ANF to CNF conversion

Algebraic Normal Form, or simply ANF, is the form used to describe cryptographic functions. It looks like this:
a*b \oplus b*c \oplus b \oplus d = 0\\b*c \oplus c \oplus a = 0\\\ldots
Where a,\ldots d are binary variables, the \oplus sign is binary XOR, and the * sign is binary AND. Every item that is connected with the XOR-s is called a monomial, and its degree is the number of independent variables inside it. So, a*b is a 2-degree monomial in the first equation, and c is a 1-degree monomial in the second equation.

An important problem in SAT is to translate an ANF into the input of SAT solvers, Conjunctive Normal Form, or simply CNF. A CNF formula looks like this:
a \vee b \vee c = 1\\a \vee \neg d = 1\\\ldots
Where again a,\ldots d are binary variables, the \vee sign is the binary OR, and the \neg sign is the binary NOT (i.e. inverse).

The scientific reference paper

The most quoted article about ANF-to-CNF translation is that by Courtois and Bard, which advocates for the following translation process:

  1. Introduce internal variables for every monomial of degree larger than 1
  2. Describe the equations as large XORs using the recently introduced variables

The example problem in CNF

According to the original method, the equations presented above are first translated to the following form:
v1 = a*b\\v2 = b*c\\v1 \oplus v2 \oplus b \oplus d = 0\\v2 \oplus c \oplus a = 0

Where v1, v2 are fresh binary variables. Then, each of the above equations are translated to CNF. The internal variables are translated as such:

  1. Translation of v1 = a*b:
    v1 \vee \neg a \vee \neg b = 1\\\neg v1 \vee a = 1\\\neg 1 \vee b = 1
  2. Translation of v2 = b*c
    v2 \vee \neg b \vee \neg c = 1\\\neg v2 \vee b = 1\\\neg v2 \vee c = 1
  3. Translation of v1 + v2 + b + d = 0:
    \neg v1 \vee v2 \vee b \vee d = 1\\v1 \vee \neg v2 \vee b \vee d = 1\\v1 \vee v2 \vee \neg b \vee d = 1\\v1 \vee v2 \vee b \vee -d = 1\\\neg v1 \vee \neg v2 \vee \neg b \vee d = 1\\\neg v1 \vee \neg v2 \vee b \vee \neg d = 1\\\neg v1 \vee v2 \vee \neg b \vee \neg d = 1\\v1 \vee \neg v2 \vee \neg b \vee \neg d = 1
  4. Translation of v2 + c + a = 0 :
    v2 \vee c \vee \neg a = 1\\v2 \vee \neg c \vee a = 1\\\neg v2 \vee c \vee a = 1\\\neg v2 \vee \neg c \vee \neg a = 1

We are now done. The final CNF file is this. This final CNF  has a small header, and some  fluffs have been removed: variables are not named, but referred to with a number, and the = true-s have been replaced with a line-ending 0.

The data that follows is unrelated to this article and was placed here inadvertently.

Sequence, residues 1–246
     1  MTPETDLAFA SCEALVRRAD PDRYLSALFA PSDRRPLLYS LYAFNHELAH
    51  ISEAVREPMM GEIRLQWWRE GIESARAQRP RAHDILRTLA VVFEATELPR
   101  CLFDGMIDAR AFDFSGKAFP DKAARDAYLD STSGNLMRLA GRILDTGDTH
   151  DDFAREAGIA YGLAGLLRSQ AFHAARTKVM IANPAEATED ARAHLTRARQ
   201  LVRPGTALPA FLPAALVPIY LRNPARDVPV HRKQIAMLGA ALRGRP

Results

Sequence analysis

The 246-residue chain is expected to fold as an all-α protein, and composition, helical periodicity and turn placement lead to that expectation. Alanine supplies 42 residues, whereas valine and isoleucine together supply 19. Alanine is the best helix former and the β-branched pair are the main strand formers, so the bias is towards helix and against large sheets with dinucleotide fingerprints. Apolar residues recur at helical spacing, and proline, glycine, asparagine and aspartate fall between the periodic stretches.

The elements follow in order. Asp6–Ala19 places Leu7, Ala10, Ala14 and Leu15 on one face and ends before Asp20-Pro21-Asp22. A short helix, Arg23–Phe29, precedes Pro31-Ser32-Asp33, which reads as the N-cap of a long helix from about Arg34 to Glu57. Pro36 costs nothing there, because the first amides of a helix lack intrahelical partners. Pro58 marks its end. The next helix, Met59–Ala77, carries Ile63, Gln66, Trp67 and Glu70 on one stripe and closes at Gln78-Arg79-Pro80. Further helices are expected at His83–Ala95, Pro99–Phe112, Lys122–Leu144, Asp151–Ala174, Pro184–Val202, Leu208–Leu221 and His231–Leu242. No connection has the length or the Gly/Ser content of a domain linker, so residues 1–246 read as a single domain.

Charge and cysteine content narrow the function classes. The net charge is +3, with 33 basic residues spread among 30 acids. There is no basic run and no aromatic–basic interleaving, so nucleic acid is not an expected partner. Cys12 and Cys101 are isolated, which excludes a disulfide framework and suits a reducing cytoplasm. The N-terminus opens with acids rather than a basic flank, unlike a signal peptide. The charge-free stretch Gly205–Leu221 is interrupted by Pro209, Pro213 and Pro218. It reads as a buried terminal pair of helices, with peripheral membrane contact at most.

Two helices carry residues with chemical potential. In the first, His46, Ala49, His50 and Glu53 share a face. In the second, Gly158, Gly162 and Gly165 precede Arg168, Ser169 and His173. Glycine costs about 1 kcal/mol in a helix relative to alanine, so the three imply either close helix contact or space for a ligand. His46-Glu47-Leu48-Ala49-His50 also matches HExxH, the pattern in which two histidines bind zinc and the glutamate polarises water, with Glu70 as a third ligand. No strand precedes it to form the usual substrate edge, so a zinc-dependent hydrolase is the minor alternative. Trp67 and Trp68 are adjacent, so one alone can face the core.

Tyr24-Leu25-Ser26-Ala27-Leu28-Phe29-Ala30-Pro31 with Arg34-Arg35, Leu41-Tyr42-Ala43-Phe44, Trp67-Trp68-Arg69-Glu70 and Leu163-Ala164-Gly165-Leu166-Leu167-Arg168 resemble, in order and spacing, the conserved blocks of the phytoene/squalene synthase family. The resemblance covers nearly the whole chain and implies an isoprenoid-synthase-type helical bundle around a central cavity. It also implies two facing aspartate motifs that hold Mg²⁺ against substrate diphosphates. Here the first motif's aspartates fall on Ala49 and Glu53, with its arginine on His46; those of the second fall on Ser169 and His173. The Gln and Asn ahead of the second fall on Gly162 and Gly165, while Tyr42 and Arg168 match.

As you can imagine, there are many ways to enhance this process. I have written a set of them down in this paper. The set of improvements in a nutshell are the following:

  1. If a variable’s value is given, (e.g. a = true), first substitute this value in the ANF, and transcribe the resulting ANF to CNF.
  2. If there are two monomials, such as: a*b + b in an equation, make a non-standard monomial (-a)*b from the two, and transcribe this to CNF. Since the CNF can use negations, this reduces the size of the resulting CNF
  3. If the ANF can be described using Karnaugh maps shorter than with the method presented above, use that translation method.

An automated way

I just got a nice script to perform step (1) from Martin Albrecht, one of the developers of Sage:

sage: B = BooleanPolynomialRing(4500,'x')
sage: L = [B.random_element(degree=2,terms=10) 
      for _ in range(4000)]
sage: s = [B.gen(i) + GF(2).random_element() 
      for i in range(1000)]
sage: %time F = 
CPU time: 1.03 s,  Wall time: 1.11 s

In this code, Martin generates a boolean system of equations with 4500 variables, with 4000 random equations each with randomly selected monomials of degree 2 and of XOR size 10. Then, he sets 1000 random variables to a random value (true or false), and finally, he substitutes the assigned values, and simplifies the system. If you think this is a trivial issue, alas, it is not. Both Maple and Sage take hours to perform it if using the standard eval function. The function above uses a variation of the ElimLin algorithm from the Courtois-Bard paper to do this efficiently.